COMMENTARY BY BRAUN (on the verso): "The Altmühl flows through Eichstätt towards Kehlheim into the Danube, the Pegnitz flows in the north towards Schwabach and joins the Main at Bamberg. Emperor Charles therefore began construction work, ordering many thousand men to take part, and had a channel dug between these two rivers, which was over 2,000 paces long and 300 feet wide, but the work was in vain, for it rained very much at the time and the ground at that place was marshy, so that the work was not completed."

In neither view of Nuremberg does the castle above the city dominate the city, for the hills have been flattened out, especially in this view. Yet one can clearly make out the well-fortified city wall, the mighty castle and the main churches of SS Lawrence and Sebald, as landmarks of the two original parts of the city. The imposing city towers, the Arsenal, the Salt House and the monastery of St Giles are visually emphasized. The present plate is dominated by the figures of patricians in local dress. The two elegantly dressed children to the right of the cartouche are striking, for there are no comparable cases of children as staffage figures. In the 16th century, although Nuremberg had no university, the city was a centre of book printing (Anton Koberger), of art (Michael Wolgemut, Albrecht Dürer, Adam Krafft, Veit Stoss), of literature (Hans Sachs), of geography (Martin Behaim), of educated patrician families (including Pirckheimer, Löffelholz) and of trade. In addition to Augsburg, Nuremberg was the most influential trade city in central Europe. (Taschen)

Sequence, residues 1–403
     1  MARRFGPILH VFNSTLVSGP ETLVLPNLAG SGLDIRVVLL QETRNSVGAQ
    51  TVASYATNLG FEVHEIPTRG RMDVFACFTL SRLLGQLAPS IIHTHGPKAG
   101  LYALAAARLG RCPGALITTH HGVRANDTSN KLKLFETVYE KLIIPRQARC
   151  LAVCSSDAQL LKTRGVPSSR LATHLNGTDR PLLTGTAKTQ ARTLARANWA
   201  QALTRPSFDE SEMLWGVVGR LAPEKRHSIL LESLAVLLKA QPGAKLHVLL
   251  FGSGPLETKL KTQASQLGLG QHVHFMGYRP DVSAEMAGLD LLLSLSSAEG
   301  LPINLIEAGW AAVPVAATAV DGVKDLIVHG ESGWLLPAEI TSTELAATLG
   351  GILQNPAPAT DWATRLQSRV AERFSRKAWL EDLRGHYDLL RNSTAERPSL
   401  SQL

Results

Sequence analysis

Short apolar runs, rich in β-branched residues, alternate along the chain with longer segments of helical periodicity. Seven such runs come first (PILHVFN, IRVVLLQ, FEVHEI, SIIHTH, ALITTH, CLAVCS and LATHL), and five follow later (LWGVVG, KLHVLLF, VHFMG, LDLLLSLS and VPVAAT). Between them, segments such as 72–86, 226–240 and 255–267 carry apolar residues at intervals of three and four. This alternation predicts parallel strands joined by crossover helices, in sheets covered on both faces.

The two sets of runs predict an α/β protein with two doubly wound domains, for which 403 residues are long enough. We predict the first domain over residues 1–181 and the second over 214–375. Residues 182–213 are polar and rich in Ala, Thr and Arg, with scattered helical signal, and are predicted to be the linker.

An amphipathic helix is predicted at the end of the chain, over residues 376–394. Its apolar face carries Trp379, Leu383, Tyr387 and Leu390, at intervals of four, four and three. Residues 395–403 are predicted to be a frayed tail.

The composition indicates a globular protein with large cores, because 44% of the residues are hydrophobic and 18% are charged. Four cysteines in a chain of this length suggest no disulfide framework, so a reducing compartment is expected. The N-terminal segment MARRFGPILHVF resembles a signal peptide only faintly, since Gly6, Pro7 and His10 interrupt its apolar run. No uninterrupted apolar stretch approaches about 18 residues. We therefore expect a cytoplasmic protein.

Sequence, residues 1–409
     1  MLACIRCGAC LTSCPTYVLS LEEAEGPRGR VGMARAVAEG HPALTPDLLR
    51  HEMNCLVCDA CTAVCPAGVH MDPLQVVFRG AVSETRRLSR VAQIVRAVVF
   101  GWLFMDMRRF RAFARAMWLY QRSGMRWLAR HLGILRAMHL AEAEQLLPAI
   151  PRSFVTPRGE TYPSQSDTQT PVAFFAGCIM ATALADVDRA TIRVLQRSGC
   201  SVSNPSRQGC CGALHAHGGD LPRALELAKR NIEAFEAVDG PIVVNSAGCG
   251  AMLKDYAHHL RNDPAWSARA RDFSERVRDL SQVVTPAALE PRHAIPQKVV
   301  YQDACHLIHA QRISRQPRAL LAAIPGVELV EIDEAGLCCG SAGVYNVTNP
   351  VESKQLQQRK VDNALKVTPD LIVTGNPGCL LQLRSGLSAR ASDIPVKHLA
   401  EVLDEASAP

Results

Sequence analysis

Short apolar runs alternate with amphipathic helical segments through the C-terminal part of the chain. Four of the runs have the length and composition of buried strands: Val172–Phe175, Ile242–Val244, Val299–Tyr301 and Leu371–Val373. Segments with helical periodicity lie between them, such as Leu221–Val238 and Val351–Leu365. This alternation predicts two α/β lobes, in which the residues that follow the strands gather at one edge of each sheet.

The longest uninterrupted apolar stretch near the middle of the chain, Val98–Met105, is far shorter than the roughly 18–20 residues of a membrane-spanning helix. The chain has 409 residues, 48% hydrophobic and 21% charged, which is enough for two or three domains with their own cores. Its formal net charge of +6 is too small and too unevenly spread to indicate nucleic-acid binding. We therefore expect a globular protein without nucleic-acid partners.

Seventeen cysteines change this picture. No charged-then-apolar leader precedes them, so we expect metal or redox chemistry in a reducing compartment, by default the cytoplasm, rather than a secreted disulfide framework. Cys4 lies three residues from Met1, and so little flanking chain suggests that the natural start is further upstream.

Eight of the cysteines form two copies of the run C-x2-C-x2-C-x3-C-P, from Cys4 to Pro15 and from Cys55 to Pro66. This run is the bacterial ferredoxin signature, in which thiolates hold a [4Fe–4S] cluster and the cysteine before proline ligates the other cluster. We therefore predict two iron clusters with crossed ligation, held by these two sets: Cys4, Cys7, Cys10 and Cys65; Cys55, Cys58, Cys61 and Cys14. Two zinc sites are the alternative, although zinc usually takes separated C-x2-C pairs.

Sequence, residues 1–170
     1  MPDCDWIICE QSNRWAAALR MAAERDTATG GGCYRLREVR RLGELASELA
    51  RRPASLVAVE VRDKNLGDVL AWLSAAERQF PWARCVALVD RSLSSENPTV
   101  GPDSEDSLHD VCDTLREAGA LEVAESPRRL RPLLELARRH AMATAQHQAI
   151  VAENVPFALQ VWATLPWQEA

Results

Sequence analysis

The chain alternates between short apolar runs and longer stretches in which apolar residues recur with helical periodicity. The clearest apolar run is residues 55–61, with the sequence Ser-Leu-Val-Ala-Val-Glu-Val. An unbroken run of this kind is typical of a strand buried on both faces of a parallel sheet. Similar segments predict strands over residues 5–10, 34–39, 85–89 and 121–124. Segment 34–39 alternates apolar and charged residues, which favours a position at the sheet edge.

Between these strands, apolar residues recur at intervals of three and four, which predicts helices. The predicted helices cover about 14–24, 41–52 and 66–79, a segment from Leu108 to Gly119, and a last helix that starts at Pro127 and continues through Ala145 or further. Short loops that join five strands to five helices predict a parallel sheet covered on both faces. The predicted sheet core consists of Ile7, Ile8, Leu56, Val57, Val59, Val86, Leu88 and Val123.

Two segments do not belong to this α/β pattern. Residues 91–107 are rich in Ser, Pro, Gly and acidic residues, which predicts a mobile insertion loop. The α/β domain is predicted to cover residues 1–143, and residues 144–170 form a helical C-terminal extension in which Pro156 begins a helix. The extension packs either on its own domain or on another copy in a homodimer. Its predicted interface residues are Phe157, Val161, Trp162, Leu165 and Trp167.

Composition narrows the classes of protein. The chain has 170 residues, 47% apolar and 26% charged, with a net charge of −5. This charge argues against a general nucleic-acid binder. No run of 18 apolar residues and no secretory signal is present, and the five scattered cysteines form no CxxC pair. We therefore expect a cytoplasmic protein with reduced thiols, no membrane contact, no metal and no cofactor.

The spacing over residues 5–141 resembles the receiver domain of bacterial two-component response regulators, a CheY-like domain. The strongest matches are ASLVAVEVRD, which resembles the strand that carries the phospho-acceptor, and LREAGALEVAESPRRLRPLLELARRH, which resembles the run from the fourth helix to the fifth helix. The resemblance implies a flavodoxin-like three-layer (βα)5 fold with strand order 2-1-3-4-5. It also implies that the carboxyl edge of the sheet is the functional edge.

Braun G. & Hogenberg F. and the Civitates Orbis Terrarum.